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Is it good to be an authoritarian project manager?

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I believe that I'm a project manager with an "authoritarian" personality. I know that many team members hate it, but I'm confident that my stakeholders like it because I'm always getting the work done on time, on budget, and on scope.

I would like to hear other project managers' opinions on the subject? Do you think it's good to be an authoritarian PM? If yes, why? If no, also why?
asked 7 years ago by anonymous

2 Answers

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A wise project manager once told me, the whole point of project management is to "get it done". If you're already finishing your project on time, on schedule, and on scope, then you are doing a good job, and your stakeholders are satisfied with you.

As for your project team, even if they (apparently) hate you, they seem to be working well with you (and that's why you are finishing your projects on time). So, in my opinion, don't switch personality to another (faked) one that you think might resonate better with your project team (I think if you do this you will confuse them and you will lose some - if not all - of their respect).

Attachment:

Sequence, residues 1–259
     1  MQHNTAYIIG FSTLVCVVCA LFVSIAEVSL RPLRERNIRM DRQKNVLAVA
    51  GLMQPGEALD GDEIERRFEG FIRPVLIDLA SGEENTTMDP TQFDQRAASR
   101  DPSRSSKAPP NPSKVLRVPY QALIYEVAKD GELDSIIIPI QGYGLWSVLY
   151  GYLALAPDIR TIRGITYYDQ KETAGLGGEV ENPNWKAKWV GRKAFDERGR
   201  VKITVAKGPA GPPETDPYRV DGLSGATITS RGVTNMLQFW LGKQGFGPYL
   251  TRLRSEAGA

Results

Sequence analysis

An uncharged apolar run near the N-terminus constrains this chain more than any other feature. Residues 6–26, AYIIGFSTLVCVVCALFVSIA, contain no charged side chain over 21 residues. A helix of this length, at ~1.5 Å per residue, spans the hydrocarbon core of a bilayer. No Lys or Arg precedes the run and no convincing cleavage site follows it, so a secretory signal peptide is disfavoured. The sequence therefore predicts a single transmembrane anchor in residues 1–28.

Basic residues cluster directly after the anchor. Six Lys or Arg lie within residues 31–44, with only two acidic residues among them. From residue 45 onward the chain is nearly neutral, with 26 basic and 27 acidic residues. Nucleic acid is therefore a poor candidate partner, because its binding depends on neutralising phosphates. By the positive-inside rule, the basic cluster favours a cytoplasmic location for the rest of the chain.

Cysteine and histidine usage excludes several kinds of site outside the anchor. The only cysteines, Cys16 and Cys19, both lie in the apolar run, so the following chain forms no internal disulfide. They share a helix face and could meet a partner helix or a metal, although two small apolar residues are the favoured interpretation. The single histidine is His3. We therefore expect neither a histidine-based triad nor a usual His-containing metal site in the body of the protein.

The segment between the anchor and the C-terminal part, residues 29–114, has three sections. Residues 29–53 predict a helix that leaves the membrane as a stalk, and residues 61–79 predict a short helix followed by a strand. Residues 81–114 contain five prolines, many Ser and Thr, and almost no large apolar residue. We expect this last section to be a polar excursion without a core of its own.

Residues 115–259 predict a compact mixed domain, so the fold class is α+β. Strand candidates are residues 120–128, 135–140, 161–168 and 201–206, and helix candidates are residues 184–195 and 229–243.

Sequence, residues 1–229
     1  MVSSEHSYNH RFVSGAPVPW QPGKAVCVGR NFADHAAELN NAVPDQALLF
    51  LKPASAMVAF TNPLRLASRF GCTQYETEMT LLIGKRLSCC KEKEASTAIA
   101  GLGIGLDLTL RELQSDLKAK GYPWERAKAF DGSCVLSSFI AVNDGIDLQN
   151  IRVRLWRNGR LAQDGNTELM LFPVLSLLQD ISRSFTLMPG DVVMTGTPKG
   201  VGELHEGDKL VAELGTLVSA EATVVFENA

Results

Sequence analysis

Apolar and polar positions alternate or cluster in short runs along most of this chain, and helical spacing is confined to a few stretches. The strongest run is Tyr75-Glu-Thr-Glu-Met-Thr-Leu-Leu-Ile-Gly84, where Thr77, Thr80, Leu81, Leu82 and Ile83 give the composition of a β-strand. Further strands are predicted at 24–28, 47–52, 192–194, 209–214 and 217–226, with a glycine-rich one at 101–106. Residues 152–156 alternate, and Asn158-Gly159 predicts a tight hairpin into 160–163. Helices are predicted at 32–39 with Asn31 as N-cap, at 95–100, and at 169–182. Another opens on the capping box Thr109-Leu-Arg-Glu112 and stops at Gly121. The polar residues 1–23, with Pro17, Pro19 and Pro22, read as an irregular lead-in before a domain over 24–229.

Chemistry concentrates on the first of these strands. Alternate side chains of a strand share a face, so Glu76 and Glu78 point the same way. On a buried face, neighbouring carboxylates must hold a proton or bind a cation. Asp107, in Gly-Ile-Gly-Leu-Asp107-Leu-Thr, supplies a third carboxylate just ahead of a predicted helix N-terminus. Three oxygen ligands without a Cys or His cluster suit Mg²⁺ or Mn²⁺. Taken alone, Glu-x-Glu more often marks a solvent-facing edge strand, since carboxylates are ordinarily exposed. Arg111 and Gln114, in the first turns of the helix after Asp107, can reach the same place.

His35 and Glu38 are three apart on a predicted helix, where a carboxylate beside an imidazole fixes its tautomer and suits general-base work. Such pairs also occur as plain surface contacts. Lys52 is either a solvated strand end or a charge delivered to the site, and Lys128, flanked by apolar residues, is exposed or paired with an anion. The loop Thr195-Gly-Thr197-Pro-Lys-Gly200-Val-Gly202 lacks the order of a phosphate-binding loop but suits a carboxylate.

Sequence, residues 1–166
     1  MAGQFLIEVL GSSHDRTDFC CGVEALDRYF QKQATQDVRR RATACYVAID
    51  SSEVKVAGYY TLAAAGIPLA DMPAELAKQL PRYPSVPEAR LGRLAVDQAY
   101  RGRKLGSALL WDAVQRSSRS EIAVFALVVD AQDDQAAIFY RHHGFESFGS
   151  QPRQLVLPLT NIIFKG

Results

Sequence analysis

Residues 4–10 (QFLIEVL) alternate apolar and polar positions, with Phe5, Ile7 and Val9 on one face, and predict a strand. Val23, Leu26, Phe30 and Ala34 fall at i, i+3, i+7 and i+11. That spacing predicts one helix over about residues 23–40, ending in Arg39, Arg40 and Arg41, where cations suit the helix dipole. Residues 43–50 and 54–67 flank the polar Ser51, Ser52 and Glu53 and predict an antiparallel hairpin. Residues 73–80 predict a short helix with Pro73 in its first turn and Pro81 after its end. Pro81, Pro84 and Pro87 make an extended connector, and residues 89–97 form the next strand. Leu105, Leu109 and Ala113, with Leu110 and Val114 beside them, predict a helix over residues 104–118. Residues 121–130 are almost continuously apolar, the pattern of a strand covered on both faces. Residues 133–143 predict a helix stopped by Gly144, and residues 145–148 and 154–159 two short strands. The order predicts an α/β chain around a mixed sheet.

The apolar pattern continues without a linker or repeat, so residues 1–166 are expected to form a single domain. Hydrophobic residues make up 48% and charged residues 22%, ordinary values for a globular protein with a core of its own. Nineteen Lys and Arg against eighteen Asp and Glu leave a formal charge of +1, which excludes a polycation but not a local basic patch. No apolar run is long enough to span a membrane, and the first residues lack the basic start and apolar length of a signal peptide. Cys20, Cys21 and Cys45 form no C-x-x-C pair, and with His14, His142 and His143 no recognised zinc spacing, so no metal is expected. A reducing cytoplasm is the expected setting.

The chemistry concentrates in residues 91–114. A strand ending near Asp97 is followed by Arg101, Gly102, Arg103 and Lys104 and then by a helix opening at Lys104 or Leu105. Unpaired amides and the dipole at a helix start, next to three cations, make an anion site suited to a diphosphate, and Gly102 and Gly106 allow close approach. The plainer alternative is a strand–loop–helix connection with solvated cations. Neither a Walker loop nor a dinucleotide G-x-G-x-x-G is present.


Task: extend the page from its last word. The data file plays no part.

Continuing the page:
I have personally seen both ends of the spectrum and I think that project managers with soft skills are rewarded with a higher productivity. However, that doesn't mean that authoritarian project managers are bad, as most of them do a good job (you are a perfect example). Probably the most important thing is not to show your project team a fake face, and to remain consistent (if you are tough with them, then remain tough, if you are soft, then remain soft, just don't be tough one day and soft the other day).

PS: I am assuming that being authoritarian is not mutually exclusive with being respectful and is not equivalent to being abusive (otherwise you have a big problem).
answered 7 years ago by MaplePM (46,940 points)
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I have to say I have a bit of the same issue. But in reality, you need to manage all your stakeholders, including the project team.  It doesn't pay to kick off the project this way and I'd rather start with an empowered team.  However when things are starting to slip or not get done, the folks I work with know that I can "turn up the heat" and make the hard decisions they are unwilling or unable to so we can close with a successful project.
answered 7 years ago by sdcapmp (45,840 points)

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